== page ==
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Airs Monday, Jan. 5, 2018 at 8 p.m. on KPBS TV

Terrified by the sudden death all around them, Americans sought protection fr...

Credit: American Red Cross

Above: Terrified by the sudden death all around them, Americans sought protection from the dreaded influenza epidemic of 1918 with both traditional medical techniques, such as surgical masks, and folk remedies.

Epidemic Killed More Americans Than All the Combat Deaths of the 20th Century Combined

As the threat of a flu pandemic looms worldwide, AMERICAN EXPERIENCE reprises “Influenza 1918,” narrated by Linda Hunt.

In the spring and summer of 1918, a new flu outbreak, dubbed Spanish Influenza, moved with soldiers from the European battlefields of World War I to the homefront.

By September, the flu began to exact a toll on the civilian population; in the month of October alone, 195,000 Americans died of the disease.

In total, more than 500,000 Americans succumbed to the flu that year, more than all the combat casualties in all the wars of the 20th century.

Globally, the death toll has been estimated at anywhere between 20 and 40 million people.

This film “plays like a bio-thriller straight out of Hollywood,” according to the New York Post.

Preview: American Experience: Influenza 1918

A flu like no other sweeps across the country, first starting at military bases bustling with war activity, then finding its way into the civilian population, killing indiscriminately and with alarming speed. But this isn't fiction, or a dire prediction for this years flu season; its the story of Influenza 1918. It killed more Americans than all of the wars in the 20th Century combined, but faded from the collective memory almost as quickly as it spread across world. Watch "Influenza 1918," the powerful story of Americas worst health crisis.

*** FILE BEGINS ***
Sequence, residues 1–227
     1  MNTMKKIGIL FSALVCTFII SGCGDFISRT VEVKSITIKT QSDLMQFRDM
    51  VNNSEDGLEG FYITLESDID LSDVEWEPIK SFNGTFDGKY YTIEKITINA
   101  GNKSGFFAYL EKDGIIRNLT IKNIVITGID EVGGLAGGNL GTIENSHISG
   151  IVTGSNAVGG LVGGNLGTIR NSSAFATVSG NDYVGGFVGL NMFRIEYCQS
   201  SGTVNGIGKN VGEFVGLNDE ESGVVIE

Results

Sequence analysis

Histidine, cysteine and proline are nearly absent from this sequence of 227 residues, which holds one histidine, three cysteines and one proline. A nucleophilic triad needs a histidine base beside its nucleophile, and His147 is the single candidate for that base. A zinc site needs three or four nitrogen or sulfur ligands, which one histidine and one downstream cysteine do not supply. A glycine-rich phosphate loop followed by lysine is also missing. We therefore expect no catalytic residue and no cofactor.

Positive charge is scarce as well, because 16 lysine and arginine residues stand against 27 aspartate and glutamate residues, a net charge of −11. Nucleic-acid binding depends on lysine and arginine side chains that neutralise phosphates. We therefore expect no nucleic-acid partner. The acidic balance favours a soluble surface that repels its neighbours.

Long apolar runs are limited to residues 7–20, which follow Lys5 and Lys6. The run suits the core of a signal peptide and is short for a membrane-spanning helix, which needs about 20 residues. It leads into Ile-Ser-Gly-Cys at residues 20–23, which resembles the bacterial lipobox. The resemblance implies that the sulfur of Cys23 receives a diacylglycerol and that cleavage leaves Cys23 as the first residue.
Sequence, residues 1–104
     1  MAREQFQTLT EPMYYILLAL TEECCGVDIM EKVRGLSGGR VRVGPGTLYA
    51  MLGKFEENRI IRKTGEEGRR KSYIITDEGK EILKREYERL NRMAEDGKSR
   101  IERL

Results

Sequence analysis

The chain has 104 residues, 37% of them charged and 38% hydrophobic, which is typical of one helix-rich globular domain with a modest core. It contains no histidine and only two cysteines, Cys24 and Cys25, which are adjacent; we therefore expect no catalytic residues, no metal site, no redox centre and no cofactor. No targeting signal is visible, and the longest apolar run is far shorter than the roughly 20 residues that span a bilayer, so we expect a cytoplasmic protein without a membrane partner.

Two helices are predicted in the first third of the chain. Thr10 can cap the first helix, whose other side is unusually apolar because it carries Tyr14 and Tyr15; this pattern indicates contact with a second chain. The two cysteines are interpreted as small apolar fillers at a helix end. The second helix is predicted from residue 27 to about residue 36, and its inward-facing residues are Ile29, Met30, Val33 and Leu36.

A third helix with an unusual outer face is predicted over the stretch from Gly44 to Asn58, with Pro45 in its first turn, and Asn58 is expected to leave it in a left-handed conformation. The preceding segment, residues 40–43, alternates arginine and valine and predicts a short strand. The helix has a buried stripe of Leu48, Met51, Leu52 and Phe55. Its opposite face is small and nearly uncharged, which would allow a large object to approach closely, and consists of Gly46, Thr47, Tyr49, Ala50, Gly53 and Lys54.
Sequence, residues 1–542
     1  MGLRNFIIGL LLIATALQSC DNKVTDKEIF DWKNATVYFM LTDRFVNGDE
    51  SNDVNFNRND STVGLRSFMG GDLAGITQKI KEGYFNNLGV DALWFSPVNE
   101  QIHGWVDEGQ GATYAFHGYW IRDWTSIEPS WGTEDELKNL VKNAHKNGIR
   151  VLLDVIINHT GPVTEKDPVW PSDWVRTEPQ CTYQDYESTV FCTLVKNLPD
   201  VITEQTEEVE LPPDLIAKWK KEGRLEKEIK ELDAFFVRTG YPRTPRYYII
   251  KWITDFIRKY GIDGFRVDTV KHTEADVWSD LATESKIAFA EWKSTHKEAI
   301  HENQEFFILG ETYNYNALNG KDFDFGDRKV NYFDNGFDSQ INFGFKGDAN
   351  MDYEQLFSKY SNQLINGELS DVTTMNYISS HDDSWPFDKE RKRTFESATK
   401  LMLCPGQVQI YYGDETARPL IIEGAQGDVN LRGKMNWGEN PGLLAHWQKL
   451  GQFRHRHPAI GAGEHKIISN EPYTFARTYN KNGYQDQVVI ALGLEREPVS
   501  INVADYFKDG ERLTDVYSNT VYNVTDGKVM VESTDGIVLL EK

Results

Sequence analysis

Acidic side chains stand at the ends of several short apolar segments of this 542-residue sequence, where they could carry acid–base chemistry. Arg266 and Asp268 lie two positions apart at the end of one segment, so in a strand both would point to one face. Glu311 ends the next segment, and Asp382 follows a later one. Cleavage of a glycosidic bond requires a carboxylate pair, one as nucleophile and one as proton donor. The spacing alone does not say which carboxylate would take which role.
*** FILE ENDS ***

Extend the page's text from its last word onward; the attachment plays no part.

Medical Investigation of Influenza:

The surprise pandemic of 1918 shook Americans’ confidence in the medical establishment that had previously found vaccines for other lethal diseases like smallpox and typhoid.

People tried everything to avoid getting the virus — from gargling with mouthwash to wearing masks — but it was not until years after the pandemic was over that scientists made any real breakthroughs.

View the photo gallery.

Read more articles:

"The First Wave"

"A Letter From Camp Devens"

"The Flu in Boston"

"The Flu in San Francisco"

"The Flu in Philadelphia"

"Flu Trackers"

Interview: Jeffrey Taubenberger


This film is currently available to stream on demand.


AMERICAN EXPERIENCE is on Facebook, Instagram, Tumblr, and you can follow @AmExperiencePBS on Twitter. #AmericanExperiencePBS


A Robert Kenner Films production for AMERICAN EXPERIENCE. Co-Producer: Alla Savranskaia. Written by Ken Chowder. Editor: Alison Ellwood. Music: Mark Adler.

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